- If you’re looking for a way to stand out, you can always go for pastels like white, yellow, and sea green or add a dash of unexpected colour such as ripe-orange or tangerine that will give your front door a fresh look.
- White is a great contrast to dark or brightly coloured doors.
- Step up the traditional Christmas red-and-green colour pattern with a modern twist. Add an accent to a green door with an all-red wreath or place white and blue on lighter doors or silver and gold on darker doors.
- Experiment with materials. Stand out from the evergreens and pinecones along the street with unconventional materials such as paper, yarn, felt, and even cork. Give the classic wreath a modern spin with rolled-up cones of printed paper, or wine corks.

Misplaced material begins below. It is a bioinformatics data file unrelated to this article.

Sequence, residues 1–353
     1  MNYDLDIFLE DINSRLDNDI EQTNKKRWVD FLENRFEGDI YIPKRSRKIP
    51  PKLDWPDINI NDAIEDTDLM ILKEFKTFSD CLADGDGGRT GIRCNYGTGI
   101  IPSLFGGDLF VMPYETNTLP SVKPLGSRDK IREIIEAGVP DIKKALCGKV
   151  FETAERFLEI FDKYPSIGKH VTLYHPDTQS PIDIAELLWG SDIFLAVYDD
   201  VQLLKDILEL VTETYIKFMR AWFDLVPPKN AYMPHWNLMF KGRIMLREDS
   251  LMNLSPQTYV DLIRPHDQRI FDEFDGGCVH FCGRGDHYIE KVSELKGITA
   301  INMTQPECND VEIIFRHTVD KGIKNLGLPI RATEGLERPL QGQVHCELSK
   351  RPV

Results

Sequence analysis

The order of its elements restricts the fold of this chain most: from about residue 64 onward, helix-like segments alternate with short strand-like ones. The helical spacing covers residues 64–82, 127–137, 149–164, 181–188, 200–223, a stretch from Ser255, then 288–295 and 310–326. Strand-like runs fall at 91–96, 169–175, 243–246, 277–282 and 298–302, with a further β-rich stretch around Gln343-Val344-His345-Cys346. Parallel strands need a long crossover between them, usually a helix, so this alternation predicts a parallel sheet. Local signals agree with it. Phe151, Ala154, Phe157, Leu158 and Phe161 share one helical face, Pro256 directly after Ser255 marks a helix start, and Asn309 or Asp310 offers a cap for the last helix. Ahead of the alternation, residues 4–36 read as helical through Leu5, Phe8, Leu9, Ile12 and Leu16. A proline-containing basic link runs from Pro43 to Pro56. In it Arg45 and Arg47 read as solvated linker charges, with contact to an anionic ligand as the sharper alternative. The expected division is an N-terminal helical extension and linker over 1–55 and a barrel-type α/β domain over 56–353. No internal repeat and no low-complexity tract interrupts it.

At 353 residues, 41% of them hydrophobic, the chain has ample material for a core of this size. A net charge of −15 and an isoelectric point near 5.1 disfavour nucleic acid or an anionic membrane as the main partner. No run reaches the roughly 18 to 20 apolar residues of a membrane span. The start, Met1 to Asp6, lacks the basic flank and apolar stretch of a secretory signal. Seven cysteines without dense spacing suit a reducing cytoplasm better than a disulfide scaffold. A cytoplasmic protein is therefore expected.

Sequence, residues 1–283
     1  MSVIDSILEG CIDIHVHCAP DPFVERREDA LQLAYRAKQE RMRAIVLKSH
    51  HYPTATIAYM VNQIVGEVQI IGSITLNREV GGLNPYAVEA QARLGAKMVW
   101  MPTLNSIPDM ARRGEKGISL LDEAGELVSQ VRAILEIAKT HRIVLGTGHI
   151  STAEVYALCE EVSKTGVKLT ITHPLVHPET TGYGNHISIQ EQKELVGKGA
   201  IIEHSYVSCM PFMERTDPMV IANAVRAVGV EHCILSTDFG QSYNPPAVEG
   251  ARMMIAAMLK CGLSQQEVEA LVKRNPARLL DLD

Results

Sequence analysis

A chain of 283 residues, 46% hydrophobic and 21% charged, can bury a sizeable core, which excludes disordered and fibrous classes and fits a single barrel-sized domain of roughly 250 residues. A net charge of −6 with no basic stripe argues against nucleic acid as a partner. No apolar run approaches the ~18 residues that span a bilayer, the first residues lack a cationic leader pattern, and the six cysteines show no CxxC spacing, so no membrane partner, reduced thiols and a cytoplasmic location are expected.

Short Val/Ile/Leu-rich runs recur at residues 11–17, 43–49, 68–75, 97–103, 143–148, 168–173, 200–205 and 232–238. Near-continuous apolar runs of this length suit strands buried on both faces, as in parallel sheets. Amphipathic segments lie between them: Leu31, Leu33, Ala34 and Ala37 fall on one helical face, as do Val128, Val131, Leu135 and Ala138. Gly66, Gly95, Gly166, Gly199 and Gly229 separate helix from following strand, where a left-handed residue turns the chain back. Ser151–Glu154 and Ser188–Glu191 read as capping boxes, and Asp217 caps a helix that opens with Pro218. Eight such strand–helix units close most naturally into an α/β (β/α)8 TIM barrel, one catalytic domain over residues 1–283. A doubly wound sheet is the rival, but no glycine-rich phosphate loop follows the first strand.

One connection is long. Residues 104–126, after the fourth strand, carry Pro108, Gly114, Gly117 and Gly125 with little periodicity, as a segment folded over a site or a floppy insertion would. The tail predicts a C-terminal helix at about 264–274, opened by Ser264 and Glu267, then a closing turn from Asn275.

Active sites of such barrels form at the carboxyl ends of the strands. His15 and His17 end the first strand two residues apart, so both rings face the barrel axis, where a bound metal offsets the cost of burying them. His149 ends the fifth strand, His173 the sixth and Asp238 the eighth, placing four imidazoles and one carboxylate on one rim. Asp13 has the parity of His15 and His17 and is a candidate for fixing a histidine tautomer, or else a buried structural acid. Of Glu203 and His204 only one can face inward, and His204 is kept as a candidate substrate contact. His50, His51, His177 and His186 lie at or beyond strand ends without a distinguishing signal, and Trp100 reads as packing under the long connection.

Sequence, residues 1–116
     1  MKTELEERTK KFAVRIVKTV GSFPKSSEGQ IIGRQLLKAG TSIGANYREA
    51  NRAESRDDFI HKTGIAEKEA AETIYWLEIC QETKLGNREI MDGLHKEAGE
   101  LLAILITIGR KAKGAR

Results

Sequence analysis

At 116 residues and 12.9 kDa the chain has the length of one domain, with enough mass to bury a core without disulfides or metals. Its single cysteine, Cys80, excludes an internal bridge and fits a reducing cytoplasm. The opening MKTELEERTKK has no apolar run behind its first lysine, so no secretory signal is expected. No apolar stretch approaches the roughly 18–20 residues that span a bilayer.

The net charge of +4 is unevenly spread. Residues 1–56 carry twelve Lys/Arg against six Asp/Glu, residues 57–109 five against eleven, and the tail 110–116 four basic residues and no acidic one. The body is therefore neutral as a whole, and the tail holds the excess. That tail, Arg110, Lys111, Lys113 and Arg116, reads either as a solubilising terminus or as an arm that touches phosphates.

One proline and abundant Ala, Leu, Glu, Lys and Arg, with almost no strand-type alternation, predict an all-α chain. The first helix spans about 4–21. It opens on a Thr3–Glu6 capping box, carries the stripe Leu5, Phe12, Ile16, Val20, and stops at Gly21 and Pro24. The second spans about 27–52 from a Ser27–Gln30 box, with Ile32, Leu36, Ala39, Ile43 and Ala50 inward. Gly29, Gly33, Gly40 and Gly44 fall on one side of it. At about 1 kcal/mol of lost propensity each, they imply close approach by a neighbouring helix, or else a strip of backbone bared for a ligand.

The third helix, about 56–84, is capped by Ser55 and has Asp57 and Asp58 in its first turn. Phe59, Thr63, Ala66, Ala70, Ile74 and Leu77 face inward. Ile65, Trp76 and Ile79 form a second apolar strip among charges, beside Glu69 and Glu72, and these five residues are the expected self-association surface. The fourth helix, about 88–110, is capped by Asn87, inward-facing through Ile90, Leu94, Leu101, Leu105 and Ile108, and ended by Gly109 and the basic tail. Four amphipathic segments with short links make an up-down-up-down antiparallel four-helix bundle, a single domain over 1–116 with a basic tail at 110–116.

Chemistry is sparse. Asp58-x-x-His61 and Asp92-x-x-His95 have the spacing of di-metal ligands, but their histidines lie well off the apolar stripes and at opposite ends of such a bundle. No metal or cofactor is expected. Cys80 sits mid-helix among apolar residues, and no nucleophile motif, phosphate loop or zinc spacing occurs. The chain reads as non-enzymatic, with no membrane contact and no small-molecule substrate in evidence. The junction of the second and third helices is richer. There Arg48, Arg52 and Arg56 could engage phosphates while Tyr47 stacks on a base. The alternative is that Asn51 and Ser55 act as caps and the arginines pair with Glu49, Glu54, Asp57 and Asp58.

- Play with shapes. You can make an unconventional alternative to the wreath classic with almost any object of the appropriate size – use a serving dish or ceiling medallion as the centerpiece of the holiday door, and step it up with bold details – add colourful ornaments and ribbons to make a statement.
- Use natural objects. If ribbons and toy ornaments are not your thing, go au naturel with pinecones, berries, seeds, and even apples and pumpkins instead!
- Find the best plant for your wreath. Use fern for a really fresh take, cedar is always elegant accentuated with golden bells and a matching bow, and pepperberry on a vine wreath is the perfect way to bring some holiday cheer with a colourful accent. You can also make a fragrant wreath using bay laurel or rosemary – it will fill your home with a sweet scent and when the holidays are over, you can dry the herbs and use them later for cooking. Or, if you’re going for a true Christmas classic, embellish silver fir with holy berries.
- Use ornaments you already have. Use hot glue to make a wreath out of bells, tree ornaments, and present to give both contemporary and traditional homes an accent.